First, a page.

training wheels taken off for the first time. Then ZDNet can get an exclusive
      George Ou gloat-a-fest issue out of it.
      YinToYourYang-22527499
      • The U-Wisconsin test was not a test of OSX

        It was a test of OpenSSH and Apache.

        The test was pointless, and even the person who put the test on admitted it later.
        toadlife
        • Nice spin

          The person who hacked a mini in 30 minutes was given direct access and an account. He admitted it wasn't as hardened (secured) as well as it could have been but bragged he still would have breached it thru unknown holes.

          The Wisconsin mini was set up as a typical, (almost*) "properly secured" server and it lasted over 30 hours without a breach, until university admin had it taken down (unauthorized and fear of other system/network problems).

          Point of U-W challenge...
          http://news.com.com/Another+Mac+OS+X+hack+challenge+launched/2100-7349_3-6047038.html

          * from above link "Schroeder is asking hackers to alter the home page hosted on a Mac Mini that is running Mac OS X 10.4.5 with the latest security updates. [b]The system has two local accounts, and has SHH and HTTP open--"a lot more than most Mac OS X machines will ever have open,"[/b] Schroeder said on his Web site."

          Challenge halted...
          http://news.com.com/2100-7349-6047735.html?tag=tb

          I don't recall the W-U engineer saying the test was "pointless". He set up a typical "hacker challenge" situation vs an atypical (giving/having an account and access).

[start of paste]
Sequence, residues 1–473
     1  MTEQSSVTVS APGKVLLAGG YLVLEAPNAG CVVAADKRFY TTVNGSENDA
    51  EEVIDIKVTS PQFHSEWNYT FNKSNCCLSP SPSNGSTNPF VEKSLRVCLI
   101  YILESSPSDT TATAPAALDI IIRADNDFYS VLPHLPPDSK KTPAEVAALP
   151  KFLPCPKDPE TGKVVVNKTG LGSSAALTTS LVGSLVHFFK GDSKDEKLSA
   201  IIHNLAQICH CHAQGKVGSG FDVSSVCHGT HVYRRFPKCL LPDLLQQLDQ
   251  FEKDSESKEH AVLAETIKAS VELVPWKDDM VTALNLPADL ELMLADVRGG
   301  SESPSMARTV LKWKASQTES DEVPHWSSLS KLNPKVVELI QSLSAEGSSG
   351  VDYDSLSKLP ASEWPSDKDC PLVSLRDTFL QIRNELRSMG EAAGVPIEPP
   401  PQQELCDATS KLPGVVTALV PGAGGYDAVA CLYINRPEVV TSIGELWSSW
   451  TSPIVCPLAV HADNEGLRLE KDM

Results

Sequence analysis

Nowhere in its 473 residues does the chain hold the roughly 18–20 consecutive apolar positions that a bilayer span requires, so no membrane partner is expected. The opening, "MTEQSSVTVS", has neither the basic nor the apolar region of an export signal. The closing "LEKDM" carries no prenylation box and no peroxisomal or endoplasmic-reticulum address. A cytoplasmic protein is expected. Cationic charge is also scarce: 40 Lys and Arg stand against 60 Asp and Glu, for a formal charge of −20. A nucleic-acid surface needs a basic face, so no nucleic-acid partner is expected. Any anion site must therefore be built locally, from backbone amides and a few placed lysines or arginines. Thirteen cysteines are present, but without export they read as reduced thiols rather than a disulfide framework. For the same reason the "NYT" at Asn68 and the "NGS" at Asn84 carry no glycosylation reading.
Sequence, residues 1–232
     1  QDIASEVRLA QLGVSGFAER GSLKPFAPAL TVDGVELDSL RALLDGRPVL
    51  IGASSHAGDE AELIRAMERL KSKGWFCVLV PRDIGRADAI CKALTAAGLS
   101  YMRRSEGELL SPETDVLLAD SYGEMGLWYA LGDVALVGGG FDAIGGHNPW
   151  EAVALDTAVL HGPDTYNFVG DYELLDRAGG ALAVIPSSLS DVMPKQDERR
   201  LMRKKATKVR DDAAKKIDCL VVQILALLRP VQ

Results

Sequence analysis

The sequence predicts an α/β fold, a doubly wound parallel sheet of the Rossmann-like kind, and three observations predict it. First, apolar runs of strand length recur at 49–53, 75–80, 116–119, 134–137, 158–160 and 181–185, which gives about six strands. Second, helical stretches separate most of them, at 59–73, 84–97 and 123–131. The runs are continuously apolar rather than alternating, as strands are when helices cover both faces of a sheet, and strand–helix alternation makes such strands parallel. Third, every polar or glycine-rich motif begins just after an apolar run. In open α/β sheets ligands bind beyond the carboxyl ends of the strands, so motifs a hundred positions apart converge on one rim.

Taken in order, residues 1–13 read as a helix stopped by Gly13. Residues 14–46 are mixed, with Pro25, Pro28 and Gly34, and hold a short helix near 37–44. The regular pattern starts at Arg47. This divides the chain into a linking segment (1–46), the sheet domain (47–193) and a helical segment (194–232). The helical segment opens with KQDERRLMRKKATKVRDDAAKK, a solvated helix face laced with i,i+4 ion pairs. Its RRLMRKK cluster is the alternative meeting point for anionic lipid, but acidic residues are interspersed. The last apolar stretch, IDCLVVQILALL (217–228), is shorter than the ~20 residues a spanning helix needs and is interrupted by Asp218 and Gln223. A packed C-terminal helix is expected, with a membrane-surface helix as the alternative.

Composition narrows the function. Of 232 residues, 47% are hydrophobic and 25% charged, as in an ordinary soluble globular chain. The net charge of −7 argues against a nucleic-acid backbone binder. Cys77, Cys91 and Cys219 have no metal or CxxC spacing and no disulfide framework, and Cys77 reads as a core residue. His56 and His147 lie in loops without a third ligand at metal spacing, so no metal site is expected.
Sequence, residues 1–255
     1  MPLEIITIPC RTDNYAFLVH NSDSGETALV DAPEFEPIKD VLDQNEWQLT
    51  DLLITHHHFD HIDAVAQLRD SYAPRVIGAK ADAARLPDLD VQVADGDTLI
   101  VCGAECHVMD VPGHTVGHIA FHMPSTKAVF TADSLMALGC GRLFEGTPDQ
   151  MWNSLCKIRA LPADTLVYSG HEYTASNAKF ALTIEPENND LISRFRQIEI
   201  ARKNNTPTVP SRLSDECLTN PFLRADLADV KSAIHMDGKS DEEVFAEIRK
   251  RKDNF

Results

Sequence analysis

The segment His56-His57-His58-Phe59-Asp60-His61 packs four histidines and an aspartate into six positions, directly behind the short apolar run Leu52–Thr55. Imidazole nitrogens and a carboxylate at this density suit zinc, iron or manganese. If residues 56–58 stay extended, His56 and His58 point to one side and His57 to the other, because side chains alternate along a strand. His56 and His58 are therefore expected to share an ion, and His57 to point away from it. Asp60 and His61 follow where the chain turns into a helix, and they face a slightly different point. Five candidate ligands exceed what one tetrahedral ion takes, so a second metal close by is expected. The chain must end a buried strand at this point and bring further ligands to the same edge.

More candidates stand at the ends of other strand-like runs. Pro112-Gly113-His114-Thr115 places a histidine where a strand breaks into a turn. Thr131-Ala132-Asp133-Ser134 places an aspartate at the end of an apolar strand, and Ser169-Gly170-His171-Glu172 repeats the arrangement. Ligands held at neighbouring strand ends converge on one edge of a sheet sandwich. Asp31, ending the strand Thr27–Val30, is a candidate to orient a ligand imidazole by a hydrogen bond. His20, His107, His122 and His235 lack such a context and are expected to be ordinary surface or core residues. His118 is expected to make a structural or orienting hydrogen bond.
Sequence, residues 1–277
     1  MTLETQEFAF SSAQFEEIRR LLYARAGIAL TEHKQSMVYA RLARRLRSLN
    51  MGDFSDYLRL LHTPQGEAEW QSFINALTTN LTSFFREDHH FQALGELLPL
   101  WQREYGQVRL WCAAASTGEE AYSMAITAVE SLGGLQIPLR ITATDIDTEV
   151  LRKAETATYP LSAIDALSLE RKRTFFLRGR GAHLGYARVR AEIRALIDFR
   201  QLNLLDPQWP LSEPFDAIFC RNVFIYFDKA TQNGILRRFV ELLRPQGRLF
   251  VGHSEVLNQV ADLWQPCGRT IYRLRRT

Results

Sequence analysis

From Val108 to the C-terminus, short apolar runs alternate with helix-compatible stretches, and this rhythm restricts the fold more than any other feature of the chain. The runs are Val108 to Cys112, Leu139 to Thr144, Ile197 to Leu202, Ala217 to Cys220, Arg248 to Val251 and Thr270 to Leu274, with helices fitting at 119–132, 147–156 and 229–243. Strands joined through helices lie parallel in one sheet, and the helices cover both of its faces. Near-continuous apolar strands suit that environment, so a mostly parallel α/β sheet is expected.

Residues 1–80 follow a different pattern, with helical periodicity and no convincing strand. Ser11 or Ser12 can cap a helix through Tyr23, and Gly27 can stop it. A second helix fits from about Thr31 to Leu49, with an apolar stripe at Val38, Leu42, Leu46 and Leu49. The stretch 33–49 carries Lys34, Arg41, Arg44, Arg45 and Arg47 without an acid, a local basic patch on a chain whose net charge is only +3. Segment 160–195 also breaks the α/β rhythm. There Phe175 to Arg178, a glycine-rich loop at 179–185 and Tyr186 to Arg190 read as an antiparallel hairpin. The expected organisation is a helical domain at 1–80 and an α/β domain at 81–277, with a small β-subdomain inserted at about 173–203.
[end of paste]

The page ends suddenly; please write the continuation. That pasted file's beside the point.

I'm sure someone with similar access to a Windows machine would NEVER be able to breach the well known MS security (cough).

          ...
          MacCanuck
          • And here is the key to the UoW challenge:

            "The Wisconsin mini was set up as a typical, (almost*) "properly secured" server and it lasted over 30 hours without a breach"

            Note the words "properly secured". I can place a properly secured Windows 2003 system offering the same services (offering up a static web page with RDP enabled) on the net and have it last just as long as the UoW challenge.
            ye
          • IIS6

            You could take that further. IIS6 has never had a remote vulnerability that would allow an anonymous user to hack the server. You could have set a Win2k3 server is 2003 when Win2k3 was released with only port 80 exposed and it would still be standing today.

            As for RDP there has been a DoS vuln, but not a vuln that would have allowed a full compromise.
            toadlife
          • Dave "The raving Mac Zealot" Schroeder

            [i]"I don't recall the W-U engineer saying the test was "pointless"."[/i]

            I do. He admitted it the other day [url=http://yro.slashdot.org/comments.pl?sid=227295&cid=18421385]in a post on Slashdot[/url] when I called him out for being an idiot and a zealot.

            The point of the test according to him was to "disprove" the article about the mac hacking contest. Nothing however needed to be disproved, because while the article left out details at first, they were corrected soon afterwards.

            The guy (like you) has an irrational emotional attachment to his platform of choice - to the point where he almost stakes his identity on it. That's not healthy.
            toadlife
          • Some of us are just more honest

            with what we prefer and use rather than hide behind weasily nick names.

            >>> The guy (like you) has an irrational emotional attachment to his platform of choice - to the point where he almost stakes his identity on it. That's not healthy. >>>

            What's not healthy is showing rabid zealotry and irrational hatred towards something yet continuing to deny it (or hiding it). Now that's sick.

            ...
            MacCanuck